Klamath River Renewal Project

Klamath River Renewal Project

Kiewit Infrastructure West Co.

California and Oregon, USA

  • Largest dam removal and river restoration project in U.S. history
  • Detailed design for the removal of four aging hydroelectric dams
  • Dam modifications design
  • Reservoir drawdown planning
  • Habitat restoration
  • Road, bridge, and culvert infrastructure improvements
Project Overview

Considered the largest dam removal and river restoration project in U.S. history, the Klamath River Renewal Project involves the removal of the J.C. Boyle, Copco No. 1, Copco No. 2, and Iron Gate dams, located along the Klamath River in southern Oregon and northern California. The four dams, which were built between 1918 and 1962, impound water for hydroelectric facilities with a combined capacity of 163 MW.

Once complete, the project will reconnect over 400 stream-miles of the Klamath River, restoring fish passage to historic habitat and spawning grounds.

Project Role

Since 2019, Knight Piésold has been working closely with the prime contractor Kiewit Infrastructure West Co. (Kiewit) as their prime civil design partner, under a progressive design-build (PBD) contract with the project owner Klamath River Renewal Corporation (KRRC). The PBD delivery model allows for early collaboration and problem solving by the project owner, contractor, and designer.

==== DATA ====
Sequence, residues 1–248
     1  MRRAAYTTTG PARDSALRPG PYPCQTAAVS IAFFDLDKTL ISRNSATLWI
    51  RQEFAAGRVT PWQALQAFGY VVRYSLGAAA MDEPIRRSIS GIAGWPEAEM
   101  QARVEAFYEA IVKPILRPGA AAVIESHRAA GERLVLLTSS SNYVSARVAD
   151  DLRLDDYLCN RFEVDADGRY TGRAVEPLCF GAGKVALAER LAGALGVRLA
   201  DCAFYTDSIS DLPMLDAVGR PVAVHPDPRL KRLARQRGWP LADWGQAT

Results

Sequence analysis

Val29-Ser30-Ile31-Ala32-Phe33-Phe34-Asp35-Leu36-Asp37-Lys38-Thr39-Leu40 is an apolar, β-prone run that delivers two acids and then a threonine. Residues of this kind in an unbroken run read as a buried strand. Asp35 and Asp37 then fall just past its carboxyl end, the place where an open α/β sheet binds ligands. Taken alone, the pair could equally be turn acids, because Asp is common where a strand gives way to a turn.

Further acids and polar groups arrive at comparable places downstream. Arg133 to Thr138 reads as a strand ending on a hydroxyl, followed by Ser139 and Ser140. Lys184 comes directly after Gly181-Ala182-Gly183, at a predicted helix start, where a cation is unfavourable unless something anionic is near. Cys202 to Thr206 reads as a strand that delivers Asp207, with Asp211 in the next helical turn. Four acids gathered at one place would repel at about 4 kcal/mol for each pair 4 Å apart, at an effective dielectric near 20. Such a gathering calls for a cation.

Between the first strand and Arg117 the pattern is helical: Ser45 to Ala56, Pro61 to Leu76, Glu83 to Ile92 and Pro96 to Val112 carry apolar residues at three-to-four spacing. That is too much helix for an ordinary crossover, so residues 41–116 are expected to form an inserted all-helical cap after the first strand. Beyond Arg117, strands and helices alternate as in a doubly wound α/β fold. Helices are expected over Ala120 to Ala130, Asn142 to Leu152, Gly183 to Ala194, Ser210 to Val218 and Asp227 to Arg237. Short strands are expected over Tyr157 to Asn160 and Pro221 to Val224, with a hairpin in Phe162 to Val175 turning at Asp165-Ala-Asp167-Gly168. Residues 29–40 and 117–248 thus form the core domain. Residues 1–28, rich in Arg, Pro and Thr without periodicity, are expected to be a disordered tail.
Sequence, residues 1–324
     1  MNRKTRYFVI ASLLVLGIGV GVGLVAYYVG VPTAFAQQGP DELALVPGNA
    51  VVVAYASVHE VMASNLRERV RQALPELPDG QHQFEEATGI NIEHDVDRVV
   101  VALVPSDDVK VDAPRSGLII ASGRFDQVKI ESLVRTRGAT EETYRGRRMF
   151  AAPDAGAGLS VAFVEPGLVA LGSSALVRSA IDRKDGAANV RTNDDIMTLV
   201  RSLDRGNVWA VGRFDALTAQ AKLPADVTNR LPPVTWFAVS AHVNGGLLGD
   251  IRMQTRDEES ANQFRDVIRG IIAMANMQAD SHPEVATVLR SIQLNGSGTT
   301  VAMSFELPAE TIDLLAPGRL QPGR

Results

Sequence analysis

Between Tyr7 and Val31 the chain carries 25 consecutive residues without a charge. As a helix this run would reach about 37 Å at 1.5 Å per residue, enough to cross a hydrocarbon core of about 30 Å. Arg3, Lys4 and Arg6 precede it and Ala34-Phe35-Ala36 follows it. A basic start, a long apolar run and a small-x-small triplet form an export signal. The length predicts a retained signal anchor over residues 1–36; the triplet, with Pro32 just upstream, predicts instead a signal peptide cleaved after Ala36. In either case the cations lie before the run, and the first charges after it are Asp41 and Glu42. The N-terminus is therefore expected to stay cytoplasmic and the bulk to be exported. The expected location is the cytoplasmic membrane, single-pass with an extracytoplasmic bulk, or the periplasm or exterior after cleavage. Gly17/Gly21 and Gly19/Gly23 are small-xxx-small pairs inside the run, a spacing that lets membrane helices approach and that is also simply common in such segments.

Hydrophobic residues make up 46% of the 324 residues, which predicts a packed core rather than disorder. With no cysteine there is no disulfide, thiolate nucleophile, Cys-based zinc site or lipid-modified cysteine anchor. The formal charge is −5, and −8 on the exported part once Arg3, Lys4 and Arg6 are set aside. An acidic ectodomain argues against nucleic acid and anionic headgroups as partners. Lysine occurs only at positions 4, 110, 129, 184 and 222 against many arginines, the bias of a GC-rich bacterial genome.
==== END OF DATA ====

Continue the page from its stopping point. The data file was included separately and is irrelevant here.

Knight Piésold developed innovative designs for the safe decommissioning of the four aging hydroelectric dams, including construction access, reservoir drawdown, staged removal of dams and ancillary features, on-site material disposal, and erosion protection for the restored river channel through the former dam sites.

The project reached a major milestone in January 2024, with all dams now breached and the start of drawdowns of the reservoirs. Knight Piésold continues to assist Kiewit with dam removal works in 2024.

KRRC and Swiftwater Films have released the following videos that show breaches of the four dams: 

For more information about the project and recent updates, visit KRRC’s project website.